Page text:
Emeralds have always had an opulent allure and an aura of healing about them. Twenty times more rare than colourless diamonds, they were first discovered some 5,000 years ago. In that time, they have been credited with everything from curing snakebites to easing childbirth, divining truth and seeing the future. Emeralds are believed to symbolise hope, growth and fresh starts – particularly apt in the challenging days we currently face.
Fittingly, emeralds are the birthstone for May, that freshest and most verdant of months, when thawed land springs into new life and buds with flower. Joanna Hardy, a fine jewellery specialist and author of the book Emerald, sums up the special connection between these precious green gems and this time of year: “Once again, our parklands, woodlands and gardens are bursting with renewed life; there is nothing quite like the haze of green as new leaves burst forth. The green colours of spring remind us of hope, rebirth, renewal andnature, and it is no coincidence that emeralds have always been associated with these calming and rejuvenating properties. Wearing an emerald connects us with the earth, reminding us that there is hope in the air.”
And after what has been a particularly challenging start to 2020, it is fair to assume that the green shoots of spring will be more welcome than ever this year, and so too the gemstones that so perfectly encapsulate the spirit of this season as thoughts turn to jewellery, and the increasing popularity of birthstone gifting (a top trend currently with engagement rings). Those born in May are lucky indeed. One of the ‘big three’ precious gemstones – alongside rubies and sapphires – emeralds belong to the mineral family beryl and range in colour from a bluish green to a pure green, with vivid colour saturation, the shade varying with the country of origin.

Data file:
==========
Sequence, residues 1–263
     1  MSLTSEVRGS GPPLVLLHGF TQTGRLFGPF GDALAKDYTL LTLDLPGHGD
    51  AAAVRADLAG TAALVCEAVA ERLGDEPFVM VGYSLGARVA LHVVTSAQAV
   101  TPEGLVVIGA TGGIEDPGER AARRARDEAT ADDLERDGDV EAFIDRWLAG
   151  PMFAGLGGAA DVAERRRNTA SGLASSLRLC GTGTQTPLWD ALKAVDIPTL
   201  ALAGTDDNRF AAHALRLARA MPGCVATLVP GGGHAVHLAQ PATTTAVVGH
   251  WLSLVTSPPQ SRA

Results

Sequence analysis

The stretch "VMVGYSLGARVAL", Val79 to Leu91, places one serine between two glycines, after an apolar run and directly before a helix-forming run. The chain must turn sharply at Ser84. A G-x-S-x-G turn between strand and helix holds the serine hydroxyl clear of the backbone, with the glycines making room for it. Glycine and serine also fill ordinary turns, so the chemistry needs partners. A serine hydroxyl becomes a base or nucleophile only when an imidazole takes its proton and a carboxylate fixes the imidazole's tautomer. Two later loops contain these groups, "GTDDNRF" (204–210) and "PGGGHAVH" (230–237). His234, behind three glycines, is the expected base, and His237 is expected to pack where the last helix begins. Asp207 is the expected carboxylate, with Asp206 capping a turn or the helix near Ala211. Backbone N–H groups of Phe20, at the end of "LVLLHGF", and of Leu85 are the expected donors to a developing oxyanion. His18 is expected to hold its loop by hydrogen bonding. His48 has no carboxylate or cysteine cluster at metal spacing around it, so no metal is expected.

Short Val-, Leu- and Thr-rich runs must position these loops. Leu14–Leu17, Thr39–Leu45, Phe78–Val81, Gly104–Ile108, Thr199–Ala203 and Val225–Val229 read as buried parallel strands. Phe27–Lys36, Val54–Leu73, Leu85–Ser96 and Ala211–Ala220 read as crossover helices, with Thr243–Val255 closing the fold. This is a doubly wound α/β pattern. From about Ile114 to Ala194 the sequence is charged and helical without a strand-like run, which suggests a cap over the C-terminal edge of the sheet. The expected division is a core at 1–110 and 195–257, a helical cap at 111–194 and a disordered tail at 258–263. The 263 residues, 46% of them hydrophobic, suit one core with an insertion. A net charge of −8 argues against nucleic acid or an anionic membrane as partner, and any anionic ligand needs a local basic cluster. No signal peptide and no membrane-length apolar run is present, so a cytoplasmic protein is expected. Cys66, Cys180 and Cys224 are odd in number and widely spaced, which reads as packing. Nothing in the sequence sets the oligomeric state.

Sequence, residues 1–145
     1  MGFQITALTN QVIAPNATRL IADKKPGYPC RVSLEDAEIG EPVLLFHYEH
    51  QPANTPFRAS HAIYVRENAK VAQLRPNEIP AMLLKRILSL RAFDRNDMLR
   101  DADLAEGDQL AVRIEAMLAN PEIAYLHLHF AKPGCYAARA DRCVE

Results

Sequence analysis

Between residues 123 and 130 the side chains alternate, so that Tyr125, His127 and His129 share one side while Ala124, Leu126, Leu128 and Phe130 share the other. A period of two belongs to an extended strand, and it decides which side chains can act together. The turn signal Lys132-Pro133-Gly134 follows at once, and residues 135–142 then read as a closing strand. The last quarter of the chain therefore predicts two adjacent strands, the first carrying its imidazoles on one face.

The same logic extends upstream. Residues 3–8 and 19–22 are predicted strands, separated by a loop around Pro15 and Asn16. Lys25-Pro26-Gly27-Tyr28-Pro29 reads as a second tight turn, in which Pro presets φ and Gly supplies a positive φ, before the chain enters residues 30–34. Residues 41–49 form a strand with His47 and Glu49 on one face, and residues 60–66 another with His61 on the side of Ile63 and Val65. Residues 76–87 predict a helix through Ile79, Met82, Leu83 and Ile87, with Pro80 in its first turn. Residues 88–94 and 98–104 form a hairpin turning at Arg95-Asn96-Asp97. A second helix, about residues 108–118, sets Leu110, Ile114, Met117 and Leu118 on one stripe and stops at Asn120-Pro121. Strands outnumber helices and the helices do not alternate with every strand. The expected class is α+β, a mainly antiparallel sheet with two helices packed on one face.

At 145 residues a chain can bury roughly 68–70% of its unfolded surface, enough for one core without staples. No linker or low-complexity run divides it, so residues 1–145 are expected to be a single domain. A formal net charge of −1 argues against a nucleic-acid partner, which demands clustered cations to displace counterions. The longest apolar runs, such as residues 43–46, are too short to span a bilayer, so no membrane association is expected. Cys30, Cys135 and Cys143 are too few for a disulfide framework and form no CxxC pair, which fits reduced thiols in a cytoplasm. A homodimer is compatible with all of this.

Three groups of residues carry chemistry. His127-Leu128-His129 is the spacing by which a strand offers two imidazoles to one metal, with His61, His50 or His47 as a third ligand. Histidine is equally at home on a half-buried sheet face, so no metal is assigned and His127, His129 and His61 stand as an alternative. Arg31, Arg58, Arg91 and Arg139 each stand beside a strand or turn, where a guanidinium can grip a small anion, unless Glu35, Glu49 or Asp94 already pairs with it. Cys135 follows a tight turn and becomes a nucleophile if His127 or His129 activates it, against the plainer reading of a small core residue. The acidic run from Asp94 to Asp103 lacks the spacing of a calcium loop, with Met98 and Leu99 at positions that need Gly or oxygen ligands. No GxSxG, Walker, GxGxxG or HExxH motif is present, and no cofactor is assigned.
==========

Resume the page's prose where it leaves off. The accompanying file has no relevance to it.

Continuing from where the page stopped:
East African emeralds are amongst the oldest of all, deriving their intense colour from a rare combination of minerals. The world’s leading supplier of responsibly sourced coloured gemstones, Gemfields has been mining emeralds at its Kagem mine in Zambia since acquiring the mine in 2008 in partnership with the Zambian government. Zambian emeralds are believed to be over 500 million years old and, due to their high iron content, more robust than others. They are known for their rich colour and are some of the largest and most exceptional emeralds found anywhere in the world. The ‘Lion Emerald’, discovered by Gemfields at Kagem in 2018, is, at 5,655 carats, one of very few exceptional gemstones to have merited its own name, displaying rare colour and clarity characteristics in addition to its significant weight.
As well as their exquisite physical characteristics, the talismanic properties that have long been associated with emeralds are a large factor in their enduring popularity. Romans believed they could revitalise the soul of those who wore them; early Christians believed they symbolised the resurrection of Christ; Cleopatra – after whom early Egyptian emerald mines were named – used to present them to subjects as talismans; the ancient Egyptians viewed emeralds as sacred, and ancient civilisations in general valued them for their healing properties far more than for their material value. In 1609, a Belgian physician suggested they could cure everything from dysentery, fever and bleeding to epilepsy and panic. Since these times, a rooted belief in an almost otherworldly ability to heal has attached to these beguiling gemstones. Who can forget the cherished emerald and diamond tiara that Prince Albert had made for Queen Victoria, or the ones given to Elizabeth Taylor by Richard Burton, subsequently auctioned at Christie’s?
When shopping for emeralds, Joanna Hardy suggests looking for, above all, transparency on origins and treatments; each emerald of note should come with a report from a recognised gemmological laboratory. You